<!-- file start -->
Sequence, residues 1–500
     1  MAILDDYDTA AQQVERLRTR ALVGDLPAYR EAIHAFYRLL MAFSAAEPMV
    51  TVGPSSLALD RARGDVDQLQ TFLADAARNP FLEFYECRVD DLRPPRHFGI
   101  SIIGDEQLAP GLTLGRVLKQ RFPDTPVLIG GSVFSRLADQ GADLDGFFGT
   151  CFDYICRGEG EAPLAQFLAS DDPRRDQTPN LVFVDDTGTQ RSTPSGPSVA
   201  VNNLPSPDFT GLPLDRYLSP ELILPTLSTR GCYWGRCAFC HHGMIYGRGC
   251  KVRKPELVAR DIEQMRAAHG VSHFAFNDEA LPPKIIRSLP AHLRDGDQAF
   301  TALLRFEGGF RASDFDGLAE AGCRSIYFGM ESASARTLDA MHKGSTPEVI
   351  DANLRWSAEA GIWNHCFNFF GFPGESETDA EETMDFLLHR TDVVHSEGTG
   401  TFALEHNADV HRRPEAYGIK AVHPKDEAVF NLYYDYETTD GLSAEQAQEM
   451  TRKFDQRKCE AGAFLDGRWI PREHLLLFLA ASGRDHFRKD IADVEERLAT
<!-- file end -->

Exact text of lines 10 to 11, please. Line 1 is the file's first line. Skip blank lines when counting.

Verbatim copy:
   401  TFALEHNADV HRRPEAYGIK AVHPKDEAVF NLYYDYETTD GLSAEQAQEM
   451  TRKFDQRKCE AGAFLDGRWI PREHLLLFLA ASGRDHFRKD IADVEERLAT